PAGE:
Please note that the following document, although believed to be correct at the time of issue, may not represent the current position of the CRA.
Prenez note que ce document, bien qu'exact au moment émis, peut ne pas représenter la position actuelle de l'ARC.
Principal Issues: How are the exempt test policy rules in section 307 of the Income Tax Regulations to be applied to a life insurance policy issued in a currency other than the Canadian dollar?
Position: The exempt test policy rules are to be applied using Canadian dollar amounts. The amounts used in the computations should be converted to Canadian dollars using the currency exchange rate at the relevant time, such that any foreign currency fluctuations would be factored into the determination of whether a life insurance policy is an exempt policy at any particular time.
Reasons: Pursuant to the FCA decision in Gaynor v. The Queen (91 DTC 5288), in determining the value of amounts denominated in a foreign currency, the amounts "must be value in Canadian currency which is the only monetary standard of value known to Canadian law".
CALU - Conference for Advanced Life Underwriting (2004)
Foreign Currency Life Insurance Policies
If a life insurance policy is denominated in a currency other than the Canadian dollar, there are two different views as to how the exempt policy test is to be applied to the policy. One view is that the rules (in sections 306 and 307 of the Income Tax Regulations) for determining if a policy is an exempt policy should be applied using the currency of the policy. The alternative view is that all amounts should be determined in Canadian dollars for the purposes of these rules, based on exchange rates at the relevant time. For example, the face amount of the first exempt test policy would be determined in Canadian dollars using the exchange rate at the time the policy is issued. In applying the rule that deems further exempt test policies to be issued if the face amount of the policy increases by more than 8% between policy anniversaries, the face amount of the policy would be translated to Canadian dollars using the exchange rate on each policy anniversary.
The use of the foreign currency seems more consistent with the policy of the rules, which is to compare the magnitude of the savings component of a life insurance policy to the protection on death that it provides. If the Canadian dollar is used, a policy could cease to be an exempt policy because of fluctuations in the exchange rate, a factor which has nothing to do with the relative magnitude of the savings and death protection components of the policy.
(a) In the Agency's view, which currency is to be used in determining if a life insurance policy is an exempt policy -the Canadian dollar or the currency in which the policy is denominated?
(b) If the Canadian dollar is to be used, is a current exchange rate to be used on each policy anniversary in determining amounts (death benefit, accumulating fund) in respect of the policy?
(a) In the Agency's view, the Canadian dollar is to be used in determining whether an insurance policy is an exempt policy. As was stated by the Federal Court of Appeal in the case of Gaynor v. The Queen (91 DTC 5288), in determining the value of amounts denominated in a foreign currency, the amounts "must be valued in Canadian currency which is the only monetary standard of value known to Canadian law."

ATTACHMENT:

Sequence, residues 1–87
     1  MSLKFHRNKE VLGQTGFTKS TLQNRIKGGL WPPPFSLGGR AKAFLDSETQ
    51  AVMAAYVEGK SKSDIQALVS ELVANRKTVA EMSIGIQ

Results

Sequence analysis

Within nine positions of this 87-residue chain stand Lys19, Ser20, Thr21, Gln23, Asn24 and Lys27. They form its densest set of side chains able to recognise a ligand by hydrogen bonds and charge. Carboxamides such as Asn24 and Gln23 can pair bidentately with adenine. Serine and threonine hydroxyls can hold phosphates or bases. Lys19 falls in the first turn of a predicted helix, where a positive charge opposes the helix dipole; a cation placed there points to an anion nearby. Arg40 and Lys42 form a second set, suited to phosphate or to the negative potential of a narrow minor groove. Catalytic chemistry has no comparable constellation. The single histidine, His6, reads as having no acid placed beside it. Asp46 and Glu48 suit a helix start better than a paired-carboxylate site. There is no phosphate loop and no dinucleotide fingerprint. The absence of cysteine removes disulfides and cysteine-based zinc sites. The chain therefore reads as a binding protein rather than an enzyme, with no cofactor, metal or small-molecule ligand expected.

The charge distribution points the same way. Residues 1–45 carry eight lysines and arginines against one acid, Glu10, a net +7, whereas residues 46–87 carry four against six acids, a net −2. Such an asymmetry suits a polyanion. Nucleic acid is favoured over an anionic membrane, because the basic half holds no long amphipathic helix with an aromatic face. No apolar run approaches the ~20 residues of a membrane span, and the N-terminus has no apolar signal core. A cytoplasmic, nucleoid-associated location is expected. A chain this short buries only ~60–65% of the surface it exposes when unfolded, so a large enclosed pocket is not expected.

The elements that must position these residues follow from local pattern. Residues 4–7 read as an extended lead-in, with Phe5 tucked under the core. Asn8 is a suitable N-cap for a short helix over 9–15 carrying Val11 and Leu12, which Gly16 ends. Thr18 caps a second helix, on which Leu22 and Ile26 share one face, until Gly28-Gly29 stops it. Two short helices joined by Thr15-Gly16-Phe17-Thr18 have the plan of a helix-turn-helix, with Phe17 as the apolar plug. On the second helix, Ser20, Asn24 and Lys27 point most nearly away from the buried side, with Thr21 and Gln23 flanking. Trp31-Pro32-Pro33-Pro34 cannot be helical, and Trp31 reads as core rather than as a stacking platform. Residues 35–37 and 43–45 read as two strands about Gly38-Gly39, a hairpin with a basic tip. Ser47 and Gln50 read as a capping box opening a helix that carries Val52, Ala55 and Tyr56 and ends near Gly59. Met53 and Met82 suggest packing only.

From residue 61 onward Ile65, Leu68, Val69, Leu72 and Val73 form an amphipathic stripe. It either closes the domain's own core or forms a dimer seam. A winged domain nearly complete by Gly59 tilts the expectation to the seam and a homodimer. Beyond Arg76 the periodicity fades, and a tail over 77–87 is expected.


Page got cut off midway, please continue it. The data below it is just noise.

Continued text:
(b) Based on the principles set out in Gaynor v. The Queen, it is our view the components of the computations in sections 306 and 307 of the Regulations, which are denominated in a foreign currency, should be converted to Canadian dollars using the exchange rate at the relevant times. For example, the death benefit at the date the policy is issued should be converted to Canadian dollars using the exchange rate at the date the policy is issued and the death benefit at the first policy anniversary date should be converted to Canadian dollars using the exchange rate on the first policy anniversary date. The result is that foreign currency fluctuations are factored into the computations which determine whether a policy is an exempt policy at any particular time.
A recent section 173 referral to the Tax Court of Canada, in the case of Imperial Oil Ltd v. The Queen (2004 TCC 207), dealt with the issue of computing amounts for purposes of the Income Tax Act in circumstances where the components of the computation are denominated in a foreign currency. Both the taxpayer and The Queen made arguments which were based on the principles in Gaynor v. The Queen, which were rejected by the court. The decision of the Tax Court is under appeal to the Federal Court of Appeal. Once this case had made its way through the courts, we will consider whether a change in our responses above is warranted.
The purpose of the exempt test policy rules is to place limitations on the investment growth in a policy and thereby restrict tax deferral to policies considered to have insurance protection as their main purpose. In our opinion, foreign currency gains and losses should be factored into that growth.
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